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The first step is much easier than we think

20 September 2018

PART 2: INTERVIEW WITH...

...CORNELIA SAMEC (EXPERT FOR INDUSTRY 4.0 AND LEAD CONSULTANT AT TIETO AUSTRIA)

The term “Industry 4.0” has been making its way through the media landscape for several years now. Most people probably know that the name refers to the digitalization of production processes in industry. Where, for you, does the concept of Industry 4.0 start and where does it end?

Before we start our work, we always ask ourselves where our customers currently stand in terms of Industry 4.0. Then we define the next steps in the optimization process. In addition to the digitalization of individual production processes, we also look at connecting multiple existing systems to a new whole. Ideally, the result is a platform with additional long-term benefit for our customers. For me personally, the term Industry 4.0 stands mainly for the fundamental idea of meaningfully connecting systems with one another and making our world simpler and better through networking and communication.

How complicated is the implementation of Industry 4.0 solutions in a production-oriented company?

The actual effort involved depends on the respective degree of digitalization within a given company. But even the very first step towards Industry 4.0 is much simpler than many decision-makers think. I see our job as being mainly about leading companies into their digital future in a way that is simple and easy to understand.

Are Industry 4.0 solutions better suited for some branches of industry than others? Are there any areas in which Industry 4.0 plays no role at all?

The industrial sector and all manufacturing companies definitely have a high digitalization need. But these developments will not spare the service industries or the public sector either – though here the term of choice is not Industry 4.0 but rather Customer Experience Management, Smart Home Solution or Digital Motorway Vignette. Whatever the sector, however, what we’re talking about here is digitalization – and that affects us all. Though at Tieto, we aren’t some kind of digitalization missionaries. We don’t push digitalization in places where it doesn’t bring any added value.

Will we have fully automated factories in the future?

People will always have an important influence, even if many things in the factories of tomorrow are automated and digitalized. I am convinced that anything digital cannot do a lot without an analogue component – meaning a person. What digitalization is changing above all are the tasks performed by people and the way we work. Instead of always performing the same routine tasks, people can use their resources, for example, to perform a quality analysis or to continually improve new work routines. This development represents an enormous change for our entire working world. Some people will face an immense challenge, of course, but in the long term a certain amount of digitalization is the only way for a company to remain competitive.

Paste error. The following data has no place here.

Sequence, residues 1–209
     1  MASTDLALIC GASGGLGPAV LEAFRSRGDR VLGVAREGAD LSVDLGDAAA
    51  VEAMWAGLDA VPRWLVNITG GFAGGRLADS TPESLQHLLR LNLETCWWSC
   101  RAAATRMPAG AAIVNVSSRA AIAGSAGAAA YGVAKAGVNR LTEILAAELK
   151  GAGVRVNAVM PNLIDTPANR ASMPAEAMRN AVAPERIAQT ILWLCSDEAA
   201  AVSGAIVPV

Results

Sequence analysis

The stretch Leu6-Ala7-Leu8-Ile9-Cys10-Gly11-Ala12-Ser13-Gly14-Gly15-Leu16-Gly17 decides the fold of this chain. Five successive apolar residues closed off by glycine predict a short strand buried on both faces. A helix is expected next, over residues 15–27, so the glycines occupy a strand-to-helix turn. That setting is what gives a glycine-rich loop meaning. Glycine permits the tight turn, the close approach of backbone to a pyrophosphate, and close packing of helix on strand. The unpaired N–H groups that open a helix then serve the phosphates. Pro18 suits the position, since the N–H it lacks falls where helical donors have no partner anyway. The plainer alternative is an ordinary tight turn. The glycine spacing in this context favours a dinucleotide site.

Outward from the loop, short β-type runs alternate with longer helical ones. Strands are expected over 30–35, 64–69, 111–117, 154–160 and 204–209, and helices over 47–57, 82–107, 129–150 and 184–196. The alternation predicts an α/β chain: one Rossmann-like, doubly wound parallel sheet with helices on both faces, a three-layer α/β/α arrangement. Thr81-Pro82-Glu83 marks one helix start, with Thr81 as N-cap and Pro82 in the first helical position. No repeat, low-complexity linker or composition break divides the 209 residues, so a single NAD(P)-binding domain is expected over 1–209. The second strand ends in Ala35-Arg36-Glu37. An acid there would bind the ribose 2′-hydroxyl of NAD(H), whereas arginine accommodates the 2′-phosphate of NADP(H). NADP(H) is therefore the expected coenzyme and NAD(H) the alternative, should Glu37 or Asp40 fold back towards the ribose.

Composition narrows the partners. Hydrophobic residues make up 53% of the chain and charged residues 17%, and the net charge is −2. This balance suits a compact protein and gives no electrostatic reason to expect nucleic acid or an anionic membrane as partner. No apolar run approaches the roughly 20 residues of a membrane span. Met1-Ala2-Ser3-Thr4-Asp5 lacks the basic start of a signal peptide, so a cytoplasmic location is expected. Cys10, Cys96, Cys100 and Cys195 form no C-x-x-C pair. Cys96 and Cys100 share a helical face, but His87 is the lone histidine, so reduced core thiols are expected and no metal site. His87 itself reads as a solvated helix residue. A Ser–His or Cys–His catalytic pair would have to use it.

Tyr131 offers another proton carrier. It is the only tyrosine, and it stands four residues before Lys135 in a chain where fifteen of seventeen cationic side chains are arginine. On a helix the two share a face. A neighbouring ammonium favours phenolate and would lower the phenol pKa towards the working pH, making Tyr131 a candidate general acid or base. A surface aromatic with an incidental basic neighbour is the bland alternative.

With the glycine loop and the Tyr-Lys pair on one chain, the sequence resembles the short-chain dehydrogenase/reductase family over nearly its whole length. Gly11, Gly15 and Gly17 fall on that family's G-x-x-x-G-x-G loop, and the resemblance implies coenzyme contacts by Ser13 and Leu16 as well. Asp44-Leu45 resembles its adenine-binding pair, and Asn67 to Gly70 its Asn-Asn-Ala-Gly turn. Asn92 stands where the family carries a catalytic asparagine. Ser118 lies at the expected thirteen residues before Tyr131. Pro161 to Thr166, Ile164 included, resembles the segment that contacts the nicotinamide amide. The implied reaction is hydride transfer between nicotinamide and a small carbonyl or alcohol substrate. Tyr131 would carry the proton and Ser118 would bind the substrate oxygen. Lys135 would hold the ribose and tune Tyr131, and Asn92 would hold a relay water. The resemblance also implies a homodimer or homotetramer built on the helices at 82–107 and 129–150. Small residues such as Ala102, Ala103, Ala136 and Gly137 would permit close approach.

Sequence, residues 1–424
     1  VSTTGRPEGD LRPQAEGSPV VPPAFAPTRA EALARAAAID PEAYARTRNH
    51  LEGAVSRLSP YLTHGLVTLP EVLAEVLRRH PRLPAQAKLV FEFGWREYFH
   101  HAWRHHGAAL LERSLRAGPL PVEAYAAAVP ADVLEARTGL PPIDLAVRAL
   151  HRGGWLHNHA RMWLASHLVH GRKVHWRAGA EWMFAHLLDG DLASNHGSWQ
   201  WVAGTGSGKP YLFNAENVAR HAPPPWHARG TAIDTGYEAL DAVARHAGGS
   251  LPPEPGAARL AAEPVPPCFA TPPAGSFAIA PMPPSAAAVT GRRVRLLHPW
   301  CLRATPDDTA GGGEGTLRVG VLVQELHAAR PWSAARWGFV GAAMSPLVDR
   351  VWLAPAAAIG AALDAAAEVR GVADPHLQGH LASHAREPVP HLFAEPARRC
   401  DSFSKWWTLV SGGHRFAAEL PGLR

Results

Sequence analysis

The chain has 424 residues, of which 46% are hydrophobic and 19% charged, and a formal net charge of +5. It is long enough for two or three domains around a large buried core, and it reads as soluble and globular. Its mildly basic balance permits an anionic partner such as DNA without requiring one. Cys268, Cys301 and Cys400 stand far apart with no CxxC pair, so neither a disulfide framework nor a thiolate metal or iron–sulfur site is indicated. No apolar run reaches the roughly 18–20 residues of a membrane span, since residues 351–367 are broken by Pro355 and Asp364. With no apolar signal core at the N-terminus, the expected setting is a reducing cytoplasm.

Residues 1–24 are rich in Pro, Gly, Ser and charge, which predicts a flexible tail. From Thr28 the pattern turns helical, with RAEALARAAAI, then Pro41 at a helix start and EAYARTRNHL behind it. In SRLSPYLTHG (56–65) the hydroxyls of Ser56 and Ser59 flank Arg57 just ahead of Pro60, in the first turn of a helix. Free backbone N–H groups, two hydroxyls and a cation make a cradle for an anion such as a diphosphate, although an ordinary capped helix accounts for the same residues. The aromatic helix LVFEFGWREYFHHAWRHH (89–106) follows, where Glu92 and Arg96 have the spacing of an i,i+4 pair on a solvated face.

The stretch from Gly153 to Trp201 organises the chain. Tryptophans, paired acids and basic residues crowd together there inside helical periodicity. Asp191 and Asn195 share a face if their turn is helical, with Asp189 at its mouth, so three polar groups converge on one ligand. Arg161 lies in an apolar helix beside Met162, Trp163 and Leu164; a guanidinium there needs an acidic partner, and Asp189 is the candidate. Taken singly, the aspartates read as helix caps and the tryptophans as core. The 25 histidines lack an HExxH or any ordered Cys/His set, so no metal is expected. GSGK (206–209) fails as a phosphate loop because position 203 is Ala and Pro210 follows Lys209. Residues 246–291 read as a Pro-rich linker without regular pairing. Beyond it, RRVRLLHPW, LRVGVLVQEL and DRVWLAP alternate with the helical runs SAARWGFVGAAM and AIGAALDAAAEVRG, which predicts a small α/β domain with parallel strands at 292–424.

How do you and your team at Tieto Austria support Austrian industrial firms in the digitalization process? Which areas do you cover?

We work together with our customers to identify what makes sense for them right now. After an analysis, we develop new business models to raise their level of digitalization. It is especially important for us to lead the customer into a meaningful digital future. We always proceed at a speed that the organization of each respective customer can handle.

What effects do Industry 4.0 solutions have in production besides increasing the efficiency?

They create more transparency. A digitalization project always implies change for the customer’s organisation and needs to be accompanied by change management. People must be a part of this process. Successful Industry 4.0 solutions are welcomed by all employees and are practiced by them on a daily basis.

Do you think that concepts from the field of Industry 4.0 will also find their way into other business sectors – for example, retail or the hospitality industry?

Definitely. Efforts are being made, for example, to integrate sensors into materials. These could be used to gather information about the wearer comfort of certain clothes in order to improve the textiles accordingly. For every development, there are many examples of how these can be applied and used. And we see new ideas and developments every day. From this digital flood of possibilities, we filter out those things that make sense for our customers.

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